Although we’ve exchanged small towns for city life again, we’re enjoying seeing mountains and reconnecting with family and friends in the area. And, we’re hopeful another transition will be to a full-time job for me before too long.
It’s a bittersweet time of change and reflection. We’re thankful we got to catch up with family and friends across the country, some of which we hadn’t seen in many years. We like the RV lifestyle and are already making plans for our next big adventure.
After our first separation from Gulliver and Tagalong since we started our journey in May, we are elated to be back together. We’re happy to be able to sleep in our own bed with our own pillows again. There truly is no place like home.
Gulliver and Tagalong, who both fared well during our absence, greeted us with open arms — and no unpleasant stench or damage. All is well. And Gulliver roared to life with no problem.
Honoring a B-25 Navigator
We enjoyed our tour with the B-25 “Maid in the Shade” in Montana and ended up filling eight living history passenger flights while in Bozeman. On the way from Bozeman to Missoula, we had the privilege of circling the small town of Anaconda in honor of a 95-year-old WWII vet who resides in a nursing home there.
When John E. “Jack” Oberweiser learned the B-25 was 25 miles from his town flying at 6,500 feet and 211 miles per hour, he announced to the staff at his facility, “They’ll be here in two minutes.”
His daughter rushed to wheel her mother, 93, also a resident of the facility, into Jack’s room so the high school sweethearts, now married 72 years, could be together for the momentous occasion. Tears streamed down the couple’s faces as they sat holding hands while watching the bomber and hearing the roar of its engines exactly two minutes later, just as Jack had predicted.
Like his buddies, Jack joined the U.S. Army Air Corps in 1943 at the age of 18 as soon as he graduated high school, eager to serve his country. He completed basic training at Santa Ana Air Base in California, where he once walked to the Rose Bowl and passed Bob Hope in the stands.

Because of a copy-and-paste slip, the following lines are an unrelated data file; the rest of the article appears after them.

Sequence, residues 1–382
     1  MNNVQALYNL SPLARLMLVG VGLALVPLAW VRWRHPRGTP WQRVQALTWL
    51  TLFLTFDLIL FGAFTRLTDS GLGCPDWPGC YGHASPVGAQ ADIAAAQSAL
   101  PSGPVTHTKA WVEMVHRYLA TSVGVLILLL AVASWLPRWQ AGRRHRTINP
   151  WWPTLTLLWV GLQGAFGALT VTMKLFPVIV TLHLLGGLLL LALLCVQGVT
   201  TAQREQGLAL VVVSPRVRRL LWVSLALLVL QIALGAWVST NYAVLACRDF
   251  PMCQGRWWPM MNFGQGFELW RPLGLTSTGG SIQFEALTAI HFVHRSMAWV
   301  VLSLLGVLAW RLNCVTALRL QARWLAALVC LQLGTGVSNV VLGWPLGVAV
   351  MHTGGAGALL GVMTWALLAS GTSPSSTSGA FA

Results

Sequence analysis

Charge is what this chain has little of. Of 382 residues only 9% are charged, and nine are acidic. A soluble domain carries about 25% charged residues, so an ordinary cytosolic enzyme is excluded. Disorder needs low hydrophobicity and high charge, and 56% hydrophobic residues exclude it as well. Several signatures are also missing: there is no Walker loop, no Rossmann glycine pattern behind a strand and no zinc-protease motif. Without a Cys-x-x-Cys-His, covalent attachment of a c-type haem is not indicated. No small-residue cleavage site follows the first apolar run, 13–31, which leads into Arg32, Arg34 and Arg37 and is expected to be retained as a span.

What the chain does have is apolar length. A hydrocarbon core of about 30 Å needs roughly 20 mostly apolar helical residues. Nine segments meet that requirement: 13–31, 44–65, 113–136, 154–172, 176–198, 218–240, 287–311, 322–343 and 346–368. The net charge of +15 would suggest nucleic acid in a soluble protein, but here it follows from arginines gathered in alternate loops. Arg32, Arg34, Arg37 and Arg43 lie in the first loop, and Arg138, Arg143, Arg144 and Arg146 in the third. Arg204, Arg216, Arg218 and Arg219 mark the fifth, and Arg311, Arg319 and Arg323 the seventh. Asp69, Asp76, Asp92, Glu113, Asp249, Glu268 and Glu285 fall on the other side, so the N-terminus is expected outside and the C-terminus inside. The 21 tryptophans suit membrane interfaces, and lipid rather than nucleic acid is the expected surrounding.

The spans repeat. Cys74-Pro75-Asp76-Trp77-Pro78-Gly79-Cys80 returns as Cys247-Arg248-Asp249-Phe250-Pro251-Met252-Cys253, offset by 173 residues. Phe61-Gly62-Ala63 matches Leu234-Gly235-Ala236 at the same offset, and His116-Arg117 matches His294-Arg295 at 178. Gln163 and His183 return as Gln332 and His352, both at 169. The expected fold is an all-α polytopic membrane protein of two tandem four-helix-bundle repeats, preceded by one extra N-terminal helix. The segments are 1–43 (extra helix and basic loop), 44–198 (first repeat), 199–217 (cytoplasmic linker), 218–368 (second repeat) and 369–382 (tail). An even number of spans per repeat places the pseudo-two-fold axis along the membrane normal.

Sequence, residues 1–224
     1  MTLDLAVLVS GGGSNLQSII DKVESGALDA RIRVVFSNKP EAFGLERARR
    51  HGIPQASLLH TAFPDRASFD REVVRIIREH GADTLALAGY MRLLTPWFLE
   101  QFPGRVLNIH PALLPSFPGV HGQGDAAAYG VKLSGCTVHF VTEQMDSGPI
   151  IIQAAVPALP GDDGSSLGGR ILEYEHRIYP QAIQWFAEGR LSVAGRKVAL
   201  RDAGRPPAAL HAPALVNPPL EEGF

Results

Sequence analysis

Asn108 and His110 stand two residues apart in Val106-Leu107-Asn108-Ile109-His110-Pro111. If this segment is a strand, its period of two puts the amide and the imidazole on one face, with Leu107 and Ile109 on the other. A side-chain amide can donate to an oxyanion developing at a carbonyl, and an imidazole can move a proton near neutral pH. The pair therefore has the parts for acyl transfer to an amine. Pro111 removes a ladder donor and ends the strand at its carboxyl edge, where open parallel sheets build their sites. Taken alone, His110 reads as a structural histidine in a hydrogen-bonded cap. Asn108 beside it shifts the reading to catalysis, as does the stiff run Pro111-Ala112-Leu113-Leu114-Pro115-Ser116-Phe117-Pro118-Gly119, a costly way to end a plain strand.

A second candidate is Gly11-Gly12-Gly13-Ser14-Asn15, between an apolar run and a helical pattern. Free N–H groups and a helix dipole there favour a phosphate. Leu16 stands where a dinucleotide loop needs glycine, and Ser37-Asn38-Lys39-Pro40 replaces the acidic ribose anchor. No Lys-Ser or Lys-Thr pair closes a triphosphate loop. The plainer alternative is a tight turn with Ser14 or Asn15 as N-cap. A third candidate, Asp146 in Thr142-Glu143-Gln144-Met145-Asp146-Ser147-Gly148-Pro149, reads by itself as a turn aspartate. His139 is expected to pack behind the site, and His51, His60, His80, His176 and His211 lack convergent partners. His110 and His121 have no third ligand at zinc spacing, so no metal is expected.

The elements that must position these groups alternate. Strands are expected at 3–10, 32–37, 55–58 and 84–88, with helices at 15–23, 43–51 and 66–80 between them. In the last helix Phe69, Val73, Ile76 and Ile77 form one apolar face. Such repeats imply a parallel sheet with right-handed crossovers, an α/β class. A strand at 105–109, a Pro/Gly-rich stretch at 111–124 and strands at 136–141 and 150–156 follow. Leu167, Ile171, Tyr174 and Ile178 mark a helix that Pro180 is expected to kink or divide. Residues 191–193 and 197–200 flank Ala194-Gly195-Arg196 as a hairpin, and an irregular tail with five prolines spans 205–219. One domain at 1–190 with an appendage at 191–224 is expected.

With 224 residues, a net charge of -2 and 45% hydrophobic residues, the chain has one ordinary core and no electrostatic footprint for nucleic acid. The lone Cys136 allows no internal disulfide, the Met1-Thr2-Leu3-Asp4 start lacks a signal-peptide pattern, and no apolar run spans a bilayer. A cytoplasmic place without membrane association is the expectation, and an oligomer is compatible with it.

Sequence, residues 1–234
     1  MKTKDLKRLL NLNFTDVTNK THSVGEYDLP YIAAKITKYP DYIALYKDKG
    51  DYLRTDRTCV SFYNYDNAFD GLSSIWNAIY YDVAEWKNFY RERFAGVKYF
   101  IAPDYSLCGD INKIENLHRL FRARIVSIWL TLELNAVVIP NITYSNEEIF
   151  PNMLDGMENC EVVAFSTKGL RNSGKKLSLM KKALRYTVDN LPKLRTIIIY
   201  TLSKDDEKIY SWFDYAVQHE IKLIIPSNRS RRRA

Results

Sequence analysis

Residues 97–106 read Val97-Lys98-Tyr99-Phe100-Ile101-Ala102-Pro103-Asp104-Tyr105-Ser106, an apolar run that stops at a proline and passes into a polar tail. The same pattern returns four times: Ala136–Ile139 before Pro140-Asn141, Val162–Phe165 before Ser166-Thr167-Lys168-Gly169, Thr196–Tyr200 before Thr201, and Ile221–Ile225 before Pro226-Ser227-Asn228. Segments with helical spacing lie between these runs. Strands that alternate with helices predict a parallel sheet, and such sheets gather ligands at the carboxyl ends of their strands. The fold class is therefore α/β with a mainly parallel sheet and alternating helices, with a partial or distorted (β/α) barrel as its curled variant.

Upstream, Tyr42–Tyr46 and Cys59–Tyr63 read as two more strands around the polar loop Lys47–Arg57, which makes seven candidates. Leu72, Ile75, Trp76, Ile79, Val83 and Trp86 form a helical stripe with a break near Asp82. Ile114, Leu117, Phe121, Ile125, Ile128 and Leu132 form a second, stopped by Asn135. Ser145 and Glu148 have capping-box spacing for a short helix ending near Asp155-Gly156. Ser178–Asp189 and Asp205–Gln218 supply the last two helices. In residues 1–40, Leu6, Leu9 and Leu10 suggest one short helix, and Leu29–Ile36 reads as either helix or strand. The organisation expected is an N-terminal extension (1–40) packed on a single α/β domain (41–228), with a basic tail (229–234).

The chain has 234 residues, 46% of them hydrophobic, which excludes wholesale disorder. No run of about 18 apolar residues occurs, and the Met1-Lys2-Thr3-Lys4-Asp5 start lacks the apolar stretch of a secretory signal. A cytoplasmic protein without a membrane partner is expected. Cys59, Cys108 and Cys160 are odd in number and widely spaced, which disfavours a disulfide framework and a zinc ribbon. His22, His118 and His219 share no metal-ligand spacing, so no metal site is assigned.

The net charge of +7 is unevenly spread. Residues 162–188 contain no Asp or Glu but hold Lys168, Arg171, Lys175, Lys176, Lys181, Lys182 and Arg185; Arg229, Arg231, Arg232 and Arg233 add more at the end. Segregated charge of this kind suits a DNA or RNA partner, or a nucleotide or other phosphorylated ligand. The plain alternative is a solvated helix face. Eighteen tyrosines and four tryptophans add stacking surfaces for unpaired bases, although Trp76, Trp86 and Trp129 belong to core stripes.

Lt. Oberweiser served as a B-25 navigator in the China-Burma-India theater with the 491st Bombardment Squadron — known as the “Ringers” for their low loss of aircraft and personnel. The squadron targeted airfields, storage areas, and bridges.
Toward the end of the war, Jack spent time in France and Germany ferrying aircraft back to air bases in Europe. On one mission to Cairo, Jack, an avid sports fan, got to listen to the 1945 World Series game between his favorite Detroit Tigers and the Chicago Cubs, actually using the radio signal as a navigation tool.
On another ferrying mission, Jack’s plane made an emergency landing when something went wrong with the landing gear. Heavy rain prevented a fire as the plane slid on its belly.
After the war, Jack and his sweetheart were reunited and raised seven children in Anaconda, where he worked as a football and track coach and taught geometry and bookkeeping.
The whole town celebrated the B-25 flyover in honor of Jack and his service — and, as he stated, “ALL of the local veterans.” It was a true honor for us and the rest of the “Maid in the Shade” crew to participate. After all, that’s what the Commemorative Air Force is all about: educating, honoring, and inspiring.
Inspiring the Next Generation